Grecian Formula (20)16

The news says Greece has voted against Euro-Austerity. Forecasters are suggesting there will be a stern “it’s just business” reaction by the bankster community, so they will insist Greece get out of the EU, and then they shall recruit all lenders to apply every economic pressure upon Greece with ‘extreme prejudice’ . They hope to embarrass the Greek leadership while maximizing the misery of Greek citizens. Most American commentators I read say there will be almost no ripple effect felt by the American economy.

Today, in a comment by Lisa over at Ian Welsh’s blog, I read of a possible consequence that never crossed my mind: coup d’etat.

On the one hand, it does not make much sense. The governing party will be under tremendous pressure to ease the already awful economic pain Greece suffers and the odds in favor of succeeding are long. Unless the nation finds a way to sacrifice and rebuild on its own, the Greek people are very likely to boot their government out. Given the debt load, this might happen to one or more succeeding governments. With that in mind, agents who might otherwise contemplate a violent short-cut may be better off biding their time.

Lisa was one of the commenters who alluded to the history of regime change. While I have believed all along that Greece was going to vote “no” because of national or cultural pride, I had not considered that the 1% have their pride too— the pride of possession, nine-tenths of the law.
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If Abortion Were About Equality, Would Americans Like It Better?

It is—and that’s the problem.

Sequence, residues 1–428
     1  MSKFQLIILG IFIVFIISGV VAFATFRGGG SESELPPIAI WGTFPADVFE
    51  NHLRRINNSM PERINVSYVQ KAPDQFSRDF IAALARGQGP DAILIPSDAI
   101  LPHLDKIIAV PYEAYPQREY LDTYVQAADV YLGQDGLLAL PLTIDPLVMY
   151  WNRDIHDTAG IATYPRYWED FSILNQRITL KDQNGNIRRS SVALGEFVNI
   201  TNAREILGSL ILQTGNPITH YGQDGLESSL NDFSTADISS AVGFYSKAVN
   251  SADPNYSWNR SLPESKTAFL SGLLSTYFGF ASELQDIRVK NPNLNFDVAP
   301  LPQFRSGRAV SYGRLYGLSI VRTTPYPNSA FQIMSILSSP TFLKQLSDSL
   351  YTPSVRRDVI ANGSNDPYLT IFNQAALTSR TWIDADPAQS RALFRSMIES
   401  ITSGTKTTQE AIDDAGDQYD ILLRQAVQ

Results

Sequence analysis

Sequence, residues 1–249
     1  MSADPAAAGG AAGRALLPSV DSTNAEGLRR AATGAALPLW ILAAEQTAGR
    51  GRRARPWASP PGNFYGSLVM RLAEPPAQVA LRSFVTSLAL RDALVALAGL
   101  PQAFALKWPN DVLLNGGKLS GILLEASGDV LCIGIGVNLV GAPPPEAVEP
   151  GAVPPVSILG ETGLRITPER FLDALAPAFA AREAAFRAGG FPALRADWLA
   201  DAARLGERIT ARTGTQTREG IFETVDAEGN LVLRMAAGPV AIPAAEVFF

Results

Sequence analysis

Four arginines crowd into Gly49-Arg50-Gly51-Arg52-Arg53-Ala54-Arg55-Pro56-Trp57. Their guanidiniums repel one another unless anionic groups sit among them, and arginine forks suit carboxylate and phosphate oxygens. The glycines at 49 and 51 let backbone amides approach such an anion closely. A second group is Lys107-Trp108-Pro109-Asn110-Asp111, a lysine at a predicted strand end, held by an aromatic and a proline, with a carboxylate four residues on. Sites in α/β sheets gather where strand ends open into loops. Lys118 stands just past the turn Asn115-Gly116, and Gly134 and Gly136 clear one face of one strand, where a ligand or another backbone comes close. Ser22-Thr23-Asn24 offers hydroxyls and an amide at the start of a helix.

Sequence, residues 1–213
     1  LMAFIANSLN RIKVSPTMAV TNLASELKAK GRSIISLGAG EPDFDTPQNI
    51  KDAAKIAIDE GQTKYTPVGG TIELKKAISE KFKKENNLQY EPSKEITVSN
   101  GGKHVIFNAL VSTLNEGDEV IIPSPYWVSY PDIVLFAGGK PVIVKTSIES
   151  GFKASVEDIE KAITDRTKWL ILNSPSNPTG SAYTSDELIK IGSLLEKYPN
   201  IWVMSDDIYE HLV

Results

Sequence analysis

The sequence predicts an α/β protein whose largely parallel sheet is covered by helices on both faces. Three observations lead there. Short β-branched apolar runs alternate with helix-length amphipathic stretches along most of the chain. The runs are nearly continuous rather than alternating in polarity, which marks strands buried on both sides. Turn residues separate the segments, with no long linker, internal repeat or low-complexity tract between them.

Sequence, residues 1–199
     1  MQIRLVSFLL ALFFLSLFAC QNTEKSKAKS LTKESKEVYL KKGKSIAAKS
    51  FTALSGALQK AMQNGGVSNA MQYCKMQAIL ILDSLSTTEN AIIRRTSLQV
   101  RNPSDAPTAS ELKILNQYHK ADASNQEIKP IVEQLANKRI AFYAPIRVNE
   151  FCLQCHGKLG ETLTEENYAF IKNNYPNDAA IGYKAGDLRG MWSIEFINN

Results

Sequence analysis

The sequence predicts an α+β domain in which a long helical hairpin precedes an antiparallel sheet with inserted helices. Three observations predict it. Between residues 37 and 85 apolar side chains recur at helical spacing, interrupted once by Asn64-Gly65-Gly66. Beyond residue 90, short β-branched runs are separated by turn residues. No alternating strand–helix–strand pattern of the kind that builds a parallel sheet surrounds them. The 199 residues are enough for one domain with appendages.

The Nation, By Katha Pollitt, July 2

Would abortion rights be more secure today had Roe v. Wade been decided on the basis of women’s right to equality rather than privacy? Many smart people have thought so.

You can see why this is a tempting argument. Roe has been relentlessly attacked as confused, illogical, and poorly written, relying on a concept of privacy that is found nowhere in the Constitution (in Griswold v. Connecticut, the 1965 decision that struck down a state ban on birth-control use by married couples, Justice William O. Douglas famously located the right to privacy in the “penumbras” and “emanations” of various provisions, such as the Fifth Amendment’s guarantee against self-incrimination). To conservatives, Roe is the very definition of judicial overreach. Wouldn’t it be a good thing if abortion rights could be reconstructed on more solid ground?

Life 2.0

   
Like everyone, my life has seen multiple transitions from one stage to another. My recent experiences seem to have imparted a flavor somewhat different from previous changes, in that for the first time, the changes are physical rather than intellectual or emotional. It got me thinking back about what Willie Nelson called:
      Running through the changes
      Going through the stages
      Coming round the corners in my life.

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Poetry 1

We bury the dead in convenient haste,
my family.
A legacy perhaps.
We were pioneers
and those who struggle have little time for Death.
The act is stark, a black-and-white thing to do.
The Puritan knife that was our Will
carved a narrow way of life,
for all that life’s variety.
By a dying fire, good hunters, cleaning our weapons,
we turn, curious, in our hands
bits of lives that met our blade
but did not turn it:
a summer bluejay;
a favorite mare;
the odd young Englishman to cut the hay one year;
the son who drowned – was it accidental? –
big snows,
short summers
and a full table.
Death
was a held        breath.

The Funniest Expression I Heard Today

From Paul Krugman in the New York Times as he urges the Greek people to reject austerity by Euro-banksters:

“The troika clearly did a reverse Corleone — they made [Greek Prime Minister Alexis] Tsipras an offer he can’t accept, and presumably did this knowingly,” Krugman wrote.

Sounds like a high-dive maneuver in the Olympics.

Well, it is a high-dive, sort of.

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